Where There’s Water…


Jason Tatton, one of F. Ball’s technical service officers, discusses the variables to consider when determining how to make resilient flooring installations resistant to moisture, including new alternatives to traditional solutions.

Water that is allowed to get beneath resilient floorcoverings can attack adhesives, causing floorcoverings to blister and de-bond and damage subfloors that are sensitive to moisture, such as chipboard. Ultimately, this may result in costly floor failure and recalls. For this reason, F. Ball’s technical service department receives a lot of questions from flooring contractors who are preparing to install floorcoverings in damp or humid locations, including wet rooms. Key to preventing floor failure in these situations is using suitably moisture resistant adhesives and floorcoverings (which depends on how much water they will be exposed to) as well as proper subfloor preparation.


Subfloor prep

As with any floorcovering installation, appropriate subfloor preparation is imperative to ensuring a long-lasting, professional flooring finish and avoiding floor failure.

Before proceeding with any floorcovering installation, make sure that the subfloor is suitably sound, smooth and free of any surface contaminants, including old adhesive residues and non-moisture tolerant smoothing underlayments and primers.

In accordance with British Standards, we recommend the use of a pre-calibrated digital hygrometer to measure the relative humidity (RH) levels within the subfloor as part of any floorcovering installation. If subfloor relative humidity levels exceed 75% RH, a waterproof surface membrane will be required.



Resilient floorcoverings are an obvious choice for damp and humid environments because they create a barrier between the subfloor and the damaging effects of moisture.

Vinyl planks or tiles may be installed in humid environments, such as domestic bathrooms. However, the installation of vinyl sheet is recommended in wet rooms and other areas where floors will be subject to high levels of moisture, including standing water. In these situations, seams must be welded to ensure a watertight seal and prevent an ingress of water. For the same reason, there should be seals where floorcoverings meet drains or capping and coving at walls.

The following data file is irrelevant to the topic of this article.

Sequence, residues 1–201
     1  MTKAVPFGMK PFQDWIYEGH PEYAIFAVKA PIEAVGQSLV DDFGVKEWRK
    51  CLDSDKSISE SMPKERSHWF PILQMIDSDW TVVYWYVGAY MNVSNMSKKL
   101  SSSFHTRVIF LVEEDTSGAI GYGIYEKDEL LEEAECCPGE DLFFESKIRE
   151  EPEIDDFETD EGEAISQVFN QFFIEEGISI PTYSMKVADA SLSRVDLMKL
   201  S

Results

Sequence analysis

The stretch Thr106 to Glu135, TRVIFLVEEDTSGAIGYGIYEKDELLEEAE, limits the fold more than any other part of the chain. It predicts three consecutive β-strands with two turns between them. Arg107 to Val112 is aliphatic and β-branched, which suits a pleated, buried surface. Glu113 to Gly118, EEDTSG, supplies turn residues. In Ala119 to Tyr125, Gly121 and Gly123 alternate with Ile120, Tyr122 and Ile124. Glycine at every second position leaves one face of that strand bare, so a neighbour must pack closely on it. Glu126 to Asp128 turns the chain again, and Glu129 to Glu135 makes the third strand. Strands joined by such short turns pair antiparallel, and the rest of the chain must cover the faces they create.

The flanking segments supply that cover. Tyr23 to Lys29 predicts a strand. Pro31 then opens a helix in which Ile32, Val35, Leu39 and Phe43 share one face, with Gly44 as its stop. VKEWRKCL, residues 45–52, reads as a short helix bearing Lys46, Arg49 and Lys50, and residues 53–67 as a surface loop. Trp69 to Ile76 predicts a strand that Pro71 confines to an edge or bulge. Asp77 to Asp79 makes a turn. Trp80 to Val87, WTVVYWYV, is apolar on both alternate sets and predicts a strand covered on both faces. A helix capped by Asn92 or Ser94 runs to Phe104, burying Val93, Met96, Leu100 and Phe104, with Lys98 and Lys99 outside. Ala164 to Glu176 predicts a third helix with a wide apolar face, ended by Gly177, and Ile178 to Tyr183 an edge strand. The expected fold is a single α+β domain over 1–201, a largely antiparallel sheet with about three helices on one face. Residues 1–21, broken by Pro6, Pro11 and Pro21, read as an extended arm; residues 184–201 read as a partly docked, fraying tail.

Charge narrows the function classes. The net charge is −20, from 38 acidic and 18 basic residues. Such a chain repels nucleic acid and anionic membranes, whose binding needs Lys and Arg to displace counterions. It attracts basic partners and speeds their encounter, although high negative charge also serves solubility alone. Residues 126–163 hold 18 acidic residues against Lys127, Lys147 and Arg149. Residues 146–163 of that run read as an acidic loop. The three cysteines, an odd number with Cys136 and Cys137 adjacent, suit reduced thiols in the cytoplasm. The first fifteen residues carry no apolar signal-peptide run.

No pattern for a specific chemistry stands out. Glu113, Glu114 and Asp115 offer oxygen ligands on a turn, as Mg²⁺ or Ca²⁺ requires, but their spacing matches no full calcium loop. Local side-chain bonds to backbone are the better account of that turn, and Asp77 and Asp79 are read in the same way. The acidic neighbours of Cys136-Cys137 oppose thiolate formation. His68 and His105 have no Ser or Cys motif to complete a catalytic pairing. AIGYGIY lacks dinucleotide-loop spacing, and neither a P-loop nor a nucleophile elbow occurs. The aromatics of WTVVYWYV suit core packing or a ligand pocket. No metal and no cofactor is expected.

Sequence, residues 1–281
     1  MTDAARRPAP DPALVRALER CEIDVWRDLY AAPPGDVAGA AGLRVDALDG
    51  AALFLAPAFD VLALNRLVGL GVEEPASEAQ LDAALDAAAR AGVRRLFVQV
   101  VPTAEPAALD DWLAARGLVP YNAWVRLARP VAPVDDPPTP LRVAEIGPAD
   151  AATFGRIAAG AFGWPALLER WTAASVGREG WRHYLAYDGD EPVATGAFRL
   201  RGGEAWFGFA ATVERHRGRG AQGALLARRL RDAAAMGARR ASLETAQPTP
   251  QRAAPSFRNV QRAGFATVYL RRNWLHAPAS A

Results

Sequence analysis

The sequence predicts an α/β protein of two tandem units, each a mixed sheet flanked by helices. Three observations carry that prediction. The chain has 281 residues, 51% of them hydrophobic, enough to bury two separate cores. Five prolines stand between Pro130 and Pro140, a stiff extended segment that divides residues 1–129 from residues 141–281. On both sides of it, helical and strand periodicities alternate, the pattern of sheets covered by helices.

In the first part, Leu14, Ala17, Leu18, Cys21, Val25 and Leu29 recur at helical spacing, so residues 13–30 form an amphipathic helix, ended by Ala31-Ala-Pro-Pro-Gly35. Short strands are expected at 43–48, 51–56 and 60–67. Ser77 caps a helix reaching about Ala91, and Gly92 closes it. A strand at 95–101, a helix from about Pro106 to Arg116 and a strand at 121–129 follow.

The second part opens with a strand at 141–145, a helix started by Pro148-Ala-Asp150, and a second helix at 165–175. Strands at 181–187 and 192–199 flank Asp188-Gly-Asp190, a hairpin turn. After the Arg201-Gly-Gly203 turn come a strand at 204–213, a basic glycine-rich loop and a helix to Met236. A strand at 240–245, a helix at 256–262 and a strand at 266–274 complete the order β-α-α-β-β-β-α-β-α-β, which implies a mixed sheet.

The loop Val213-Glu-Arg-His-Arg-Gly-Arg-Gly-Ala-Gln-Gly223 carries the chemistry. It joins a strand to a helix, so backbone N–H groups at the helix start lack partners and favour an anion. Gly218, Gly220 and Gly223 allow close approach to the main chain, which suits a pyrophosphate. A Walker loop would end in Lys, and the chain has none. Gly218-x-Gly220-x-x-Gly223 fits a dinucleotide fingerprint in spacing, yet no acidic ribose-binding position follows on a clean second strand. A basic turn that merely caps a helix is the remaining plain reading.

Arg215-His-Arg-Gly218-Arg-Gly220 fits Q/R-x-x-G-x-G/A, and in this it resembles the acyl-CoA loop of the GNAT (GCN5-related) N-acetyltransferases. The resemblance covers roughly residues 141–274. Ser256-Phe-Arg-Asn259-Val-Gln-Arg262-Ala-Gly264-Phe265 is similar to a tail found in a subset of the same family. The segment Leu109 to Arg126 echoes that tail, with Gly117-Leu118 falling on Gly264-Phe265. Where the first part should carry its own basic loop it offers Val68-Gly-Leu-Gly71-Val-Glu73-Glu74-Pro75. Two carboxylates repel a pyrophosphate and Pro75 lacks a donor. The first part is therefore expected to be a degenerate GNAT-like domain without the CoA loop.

In any case, floorcoverings and vertical flooring accessories should be installed using a suitably moisture resistant adhesive.


Adhesive selection

Epoxy or polyurethane adhesives have traditionally been the recommended option for making flooring installations impervious to water, inside and outdoors because of their high resistance to water, oil and grease.

The latest advancements in adhesives technology have enabled F. Ball to create a one-part, moisture-curing adhesive for internal and external heavy-duty applications, which is also solvent and isocyanate free: Styccobond F73 PLUS.

The adhesive has been specially developed to provide the high bond strength required to hold a wide range of floorcoverings in place in the most demanding environments, such as in areas subject to surface water, heavy loads and high foot traffic, including in transition areas and entranceways.


Another solution

The arrival of hybrid adhesives, such as Styccobond F49 Hybrid PS, provided another solution for installing resilient floorcoverings in damp and humid environments. As well as being resistant to water, Styccobond F49 offers the familiar characteristics of pressure sensitive adhesives, making it ideal for installing LVTs in these settings.

Excellent resistance to plasticiser migration and high initial grab also makes Styccobond F49 an alternative to contact adhesives for installing vertical flooring accessories, including skirting, capping and coving, which are typically applied to vertical surfaces that may be subject to damp and humid conditions.